A senior Israeli Cabinet minister on Wednesday threatened to kill the leader of the militant Hamas movement ruling Gaza, vowing that another “large campaign” looms in which Israel will hit the militants hard.
Housing Minister Yoav Gallant, a former military general who commanded the Gaza region, said Hamas leader Yehiyeh Sinwar should “recalculate his route” before the next engagement.
“Yehiyeh Sinwar’s time is limited. He will not end his life in an old folks’ home,” he said, at the Jerusalem Post Diplomatic Conference. “He has to behave himself.”
Israel and Hamas recently stepped back from the brink of their fourth war in a decade thanks to an Egyptian cease-fire.
Palestinian terrorists fired 460 rockets and mortar shells into Israel last week in 24 hours, in response to a botched Israeli raid that left seven Palestinian terrorists and a senior Israeli officer dead. Israel responded with a wave of airstrikes.
Prime Minister Benjamin Netanyahu said the time was not right for a wider confrontation in Gaza, but he has come under heavy criticism for agreeing to a cease-fire. Defense Minister Avigdor Lieberman resigned in protest, accusing Netanyahu of being soft on terrorism, and another hard-line minister threatened to do the same – which would have sparked early elections – before backing down.
In the wake of the political crisis, and with early elections still a distinct possibility, ministers have begun talking tough about the next round of fighting.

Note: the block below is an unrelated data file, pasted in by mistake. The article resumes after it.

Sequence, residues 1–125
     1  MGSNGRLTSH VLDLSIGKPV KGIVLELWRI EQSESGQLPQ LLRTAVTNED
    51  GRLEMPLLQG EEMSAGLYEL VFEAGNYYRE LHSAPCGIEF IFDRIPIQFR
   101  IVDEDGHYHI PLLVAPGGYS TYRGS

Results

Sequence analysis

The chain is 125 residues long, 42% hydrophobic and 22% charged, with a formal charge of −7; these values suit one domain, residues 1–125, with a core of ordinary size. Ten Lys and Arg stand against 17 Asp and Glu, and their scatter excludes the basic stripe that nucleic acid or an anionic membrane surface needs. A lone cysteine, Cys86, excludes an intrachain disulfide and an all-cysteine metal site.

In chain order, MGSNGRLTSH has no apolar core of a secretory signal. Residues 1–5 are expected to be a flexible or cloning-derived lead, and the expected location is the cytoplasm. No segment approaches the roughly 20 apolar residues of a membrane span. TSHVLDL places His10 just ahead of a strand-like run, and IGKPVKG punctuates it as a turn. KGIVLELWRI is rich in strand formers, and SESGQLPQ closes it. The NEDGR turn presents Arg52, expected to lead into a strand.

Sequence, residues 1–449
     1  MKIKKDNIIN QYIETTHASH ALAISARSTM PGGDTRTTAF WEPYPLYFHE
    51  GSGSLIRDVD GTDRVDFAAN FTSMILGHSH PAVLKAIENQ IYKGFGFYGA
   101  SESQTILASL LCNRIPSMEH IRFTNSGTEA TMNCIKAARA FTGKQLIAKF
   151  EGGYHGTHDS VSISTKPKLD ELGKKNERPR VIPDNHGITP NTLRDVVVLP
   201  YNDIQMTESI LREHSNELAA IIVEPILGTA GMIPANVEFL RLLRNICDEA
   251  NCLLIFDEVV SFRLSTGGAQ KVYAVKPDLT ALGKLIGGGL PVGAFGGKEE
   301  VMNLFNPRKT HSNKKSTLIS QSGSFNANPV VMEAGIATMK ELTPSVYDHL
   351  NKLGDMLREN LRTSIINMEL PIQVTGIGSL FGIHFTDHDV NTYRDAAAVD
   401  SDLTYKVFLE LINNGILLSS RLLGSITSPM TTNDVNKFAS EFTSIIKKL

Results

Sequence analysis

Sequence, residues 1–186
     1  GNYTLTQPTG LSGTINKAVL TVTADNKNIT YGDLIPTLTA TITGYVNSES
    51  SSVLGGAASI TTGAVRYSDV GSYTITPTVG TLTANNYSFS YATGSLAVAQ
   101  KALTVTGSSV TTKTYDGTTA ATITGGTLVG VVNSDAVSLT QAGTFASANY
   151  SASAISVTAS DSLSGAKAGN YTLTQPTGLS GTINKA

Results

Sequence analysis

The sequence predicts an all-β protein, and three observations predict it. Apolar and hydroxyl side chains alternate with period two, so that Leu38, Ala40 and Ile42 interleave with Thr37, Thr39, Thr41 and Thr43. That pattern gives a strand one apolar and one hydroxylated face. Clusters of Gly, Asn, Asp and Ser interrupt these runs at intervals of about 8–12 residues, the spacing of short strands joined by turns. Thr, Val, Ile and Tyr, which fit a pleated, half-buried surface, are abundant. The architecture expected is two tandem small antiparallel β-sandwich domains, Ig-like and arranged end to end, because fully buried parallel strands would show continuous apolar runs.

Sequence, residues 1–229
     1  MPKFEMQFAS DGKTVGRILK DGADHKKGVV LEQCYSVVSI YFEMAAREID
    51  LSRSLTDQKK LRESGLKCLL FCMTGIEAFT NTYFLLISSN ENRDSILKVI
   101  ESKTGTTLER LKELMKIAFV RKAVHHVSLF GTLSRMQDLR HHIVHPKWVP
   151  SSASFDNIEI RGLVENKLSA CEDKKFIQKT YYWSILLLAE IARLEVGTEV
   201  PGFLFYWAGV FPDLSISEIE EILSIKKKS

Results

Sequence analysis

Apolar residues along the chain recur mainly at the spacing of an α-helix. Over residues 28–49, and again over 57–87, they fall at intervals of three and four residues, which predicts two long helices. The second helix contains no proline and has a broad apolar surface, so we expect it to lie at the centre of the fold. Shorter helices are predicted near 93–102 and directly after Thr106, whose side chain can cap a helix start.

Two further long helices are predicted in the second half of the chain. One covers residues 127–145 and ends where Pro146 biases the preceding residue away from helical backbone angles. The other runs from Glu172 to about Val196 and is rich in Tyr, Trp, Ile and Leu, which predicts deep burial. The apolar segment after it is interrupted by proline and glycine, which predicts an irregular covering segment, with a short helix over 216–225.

“We are now close to a no-choice war against Hamas in Gaza. We must strike hard to restore deterrence,” Intelligence Minister Israel Katz told the conference. “Any attack on Israeli soil must be met with a tough response … if Sinwar or (Hamas political chief Ismail) Haniyeh were to fire a bullet or a rocket at a soldier or Israeli citizens they will pay with their heads.”
Israel assassinated Hamas leaders Ahmad Yassin and Abdel Aziz al-Rantisi in 2004, and tried to kill another leader, Khaled Mashaal, in 1997. The killing of senior members of the group has had no discernable impact on its operations or ideology.
Hamas has staged near-weekly border protests since March in an effort to lift the Israeli-Egyptian blockade imposed after the Islamic militant group seized control of the coastal strip in 2007. The blockade has ravaged Gaza’s economy, and Israel refuses to lift it unless Hamas disarms, a demand rejected by militant group, which is pledged to Israel’s destruction.
Demonstrators each week have approach the border fence, throwing firebombs, grenades and burning tires at Israeli troops. Israeli snipers have killed about 170 people, most of them terrorists. Israel says it is defending its border against attackers, but it has come under heavy international criticism for shooting unarmed people.
“Nobody wants war in Gaza now. It will be very damaging for everyone,” said Nickolay Mladenov, the U.N. Special Coordinator for the Middle East Peace Process. “I hope we can step back from this terrible cycle where every Friday we are wondering if we will go to war or not.”